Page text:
Although not quoted directly from Dareste himself, it is altogether probable that the above clearly represents his views, at least concerning one type of diplopage. The same view is held by his associate, Baudouin, 91, who states that in the production of diplopagi the two primitive streaks unite secondarily at a given angle with one another, and that the variations depend upon (1) the precise epoch at which the fission takes place, and (2) the size of the angle formed by the two axes.

The various arrangement of these axes may be in the form of an upright Y, an inverted A or an X, thus forming three convenient classes.

Kaestner, 98, throws some light on the subject by describing a few actual cases, among them that of a shark’s egg (Pristiurus), which had two germinal discs. As the egg was transparent the -development could be watched, and it was observed that one of these discs soon surpassed the other in size, and that the latter became adherent to the former by the margin. He reasons from this that only in mammals, because of the rudimentary character of the yolk sac, can two such blastoderms ever hope to develop as separate individuals, but that in others (fishes, reptiles and birds) the common yolk must lead eventually to a fusion in all cases.

It will be seen that the principle common to all of the above theories is that of the secondary fusion of two germs, but an insuperable objection to this lies in the co-mplete bilateral symmetry of the two components in true double monsters (diplopagi), since there is no force to oversee and adjust the two components in the exact relationship necessary for this result. That such a fusion may result in the other type of compound monster, that of au-tosite and parasite, seems most probable, a result to which, in all likelihood, the Pristiurus egg of Kaestner would have attained, had it completed its development.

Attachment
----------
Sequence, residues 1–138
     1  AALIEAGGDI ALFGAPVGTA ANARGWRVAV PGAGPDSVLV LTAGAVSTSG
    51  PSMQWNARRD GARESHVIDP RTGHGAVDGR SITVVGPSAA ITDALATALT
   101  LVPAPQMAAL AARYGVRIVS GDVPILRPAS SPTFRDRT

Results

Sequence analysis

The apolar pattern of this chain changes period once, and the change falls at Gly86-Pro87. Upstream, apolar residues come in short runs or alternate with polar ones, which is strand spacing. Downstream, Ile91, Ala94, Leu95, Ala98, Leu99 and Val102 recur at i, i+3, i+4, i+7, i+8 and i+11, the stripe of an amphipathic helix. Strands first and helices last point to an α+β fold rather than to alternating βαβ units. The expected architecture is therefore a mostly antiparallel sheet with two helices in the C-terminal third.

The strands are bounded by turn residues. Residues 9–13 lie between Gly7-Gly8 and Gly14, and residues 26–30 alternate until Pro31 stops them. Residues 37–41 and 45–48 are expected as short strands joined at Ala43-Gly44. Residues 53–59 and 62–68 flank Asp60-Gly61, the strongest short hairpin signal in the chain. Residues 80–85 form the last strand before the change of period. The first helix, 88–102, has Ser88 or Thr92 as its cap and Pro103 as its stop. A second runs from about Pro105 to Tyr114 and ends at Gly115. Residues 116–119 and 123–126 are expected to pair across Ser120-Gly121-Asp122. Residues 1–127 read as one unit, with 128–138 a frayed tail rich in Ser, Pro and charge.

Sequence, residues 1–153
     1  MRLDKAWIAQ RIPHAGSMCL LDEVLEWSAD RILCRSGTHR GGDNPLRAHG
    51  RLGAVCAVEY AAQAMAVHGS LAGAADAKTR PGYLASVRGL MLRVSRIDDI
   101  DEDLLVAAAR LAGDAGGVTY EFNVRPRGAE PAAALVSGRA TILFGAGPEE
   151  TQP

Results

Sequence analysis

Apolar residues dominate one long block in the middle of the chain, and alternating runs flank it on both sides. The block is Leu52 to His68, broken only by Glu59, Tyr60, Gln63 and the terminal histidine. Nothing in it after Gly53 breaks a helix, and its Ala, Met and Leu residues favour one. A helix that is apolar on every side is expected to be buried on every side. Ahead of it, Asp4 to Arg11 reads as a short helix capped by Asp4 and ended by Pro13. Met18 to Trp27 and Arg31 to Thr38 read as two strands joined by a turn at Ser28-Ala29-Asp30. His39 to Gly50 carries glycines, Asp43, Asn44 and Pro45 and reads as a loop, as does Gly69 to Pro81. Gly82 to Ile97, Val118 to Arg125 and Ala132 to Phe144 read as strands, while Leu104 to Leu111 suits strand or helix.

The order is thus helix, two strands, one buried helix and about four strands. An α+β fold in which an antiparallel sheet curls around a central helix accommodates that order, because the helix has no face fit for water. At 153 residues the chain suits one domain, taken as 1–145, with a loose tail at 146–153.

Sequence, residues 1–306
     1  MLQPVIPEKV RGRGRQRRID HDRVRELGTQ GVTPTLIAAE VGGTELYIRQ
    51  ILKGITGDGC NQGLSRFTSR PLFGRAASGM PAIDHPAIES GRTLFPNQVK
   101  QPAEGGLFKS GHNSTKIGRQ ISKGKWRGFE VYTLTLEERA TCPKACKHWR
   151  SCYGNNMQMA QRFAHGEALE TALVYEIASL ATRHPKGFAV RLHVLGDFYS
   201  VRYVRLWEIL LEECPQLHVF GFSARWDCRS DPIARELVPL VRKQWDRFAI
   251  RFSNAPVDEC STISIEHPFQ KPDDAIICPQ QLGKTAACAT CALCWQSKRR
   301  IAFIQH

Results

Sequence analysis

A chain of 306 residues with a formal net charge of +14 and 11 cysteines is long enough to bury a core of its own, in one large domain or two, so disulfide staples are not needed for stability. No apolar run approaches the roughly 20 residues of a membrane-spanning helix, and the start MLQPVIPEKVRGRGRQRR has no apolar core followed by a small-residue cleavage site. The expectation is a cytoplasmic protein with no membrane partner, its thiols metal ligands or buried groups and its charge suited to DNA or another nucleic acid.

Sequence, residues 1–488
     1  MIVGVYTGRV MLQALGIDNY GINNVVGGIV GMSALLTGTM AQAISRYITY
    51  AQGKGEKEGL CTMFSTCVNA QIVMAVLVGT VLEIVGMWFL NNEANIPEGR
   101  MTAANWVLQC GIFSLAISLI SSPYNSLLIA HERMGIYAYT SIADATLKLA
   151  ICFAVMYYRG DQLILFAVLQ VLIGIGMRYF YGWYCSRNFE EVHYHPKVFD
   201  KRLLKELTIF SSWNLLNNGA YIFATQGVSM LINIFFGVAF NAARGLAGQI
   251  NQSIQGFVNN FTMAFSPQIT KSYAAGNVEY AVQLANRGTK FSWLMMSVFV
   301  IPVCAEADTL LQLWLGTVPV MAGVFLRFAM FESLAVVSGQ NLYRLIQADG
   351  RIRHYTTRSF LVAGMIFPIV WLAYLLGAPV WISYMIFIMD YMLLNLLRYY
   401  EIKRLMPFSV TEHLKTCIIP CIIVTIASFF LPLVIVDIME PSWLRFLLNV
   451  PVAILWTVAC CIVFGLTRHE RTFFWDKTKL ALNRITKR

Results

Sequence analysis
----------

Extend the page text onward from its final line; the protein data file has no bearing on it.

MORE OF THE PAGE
II.—A second class of theories rests upon the supposition of A PARTIAL fiSSION IN A SOMEWHAT ADVANCED EMBRYO, thus doubling the parts affected, and several writers have attempted to prove this principle by practical experiment. Thus Valentine, 77, supposes that he produced a double chick by artificially splitting the “ Keim,” and Gerlach, 83, produced a few very questionable specimens by varnishing the shells of hens’ eggs and leaving an unvarnished space in the form of a V or a Y over the blastoderm.

III.—The RADIATION THEORY of Rauber is somewhat fantastic and difficult to comprehend, and possesses in this connection mainly an historic value. He postulates in the first place a tendency of the germ-cells to radiate in all directions, to assume “eine strahlige Anordnung,” a tendency which leads occasionally to the formation of a. “ Keimring mit mehreren vorderen Embryonalanlagen, statt wie gewohnlich, einer einzigen.” The bifurcation of the anterior end, as taught by Gerlach, Rauber considers a modified form of radiation, and speaks of a radiatio anterior and a radiatio posterior. This theory, like those of Valentine and Gerlach, supposes a splitting of a somewhat advanced embryo, but adds a possible, although very hypothetical, cause.

IV.——Under the head of SUPERFLUITY (the “ monstra in excessu ” of the older writers) may be grouped the theories of several investigators that see a cause for compound monsters in an excess of some of the elements of the original germ. Thus 0. and R. Hertwig, having suggested as a working hypothesis that such cases are the result of polyspermy, attempted to develop double monsters from the eggs of sea-urchins into which more than one spermatozoon had been introduced. The results in this case were wholly negative.

Wiedemann, 94, finds the superfluous material in both the male and female elements and believes that compound monsters arise from the presence of two germinal vesicles on a single yolk, each fertilized by a separate spermatozoon. The great irritation produced by the two spermatozoa on the single egg occasions contractions which tend to draw the two vesicles together. When there is protoplasm enough for two good blastoderms they remain separate, and produce “ die sogennante eineiige Zwillinge; ” when not, a compound monster is the result.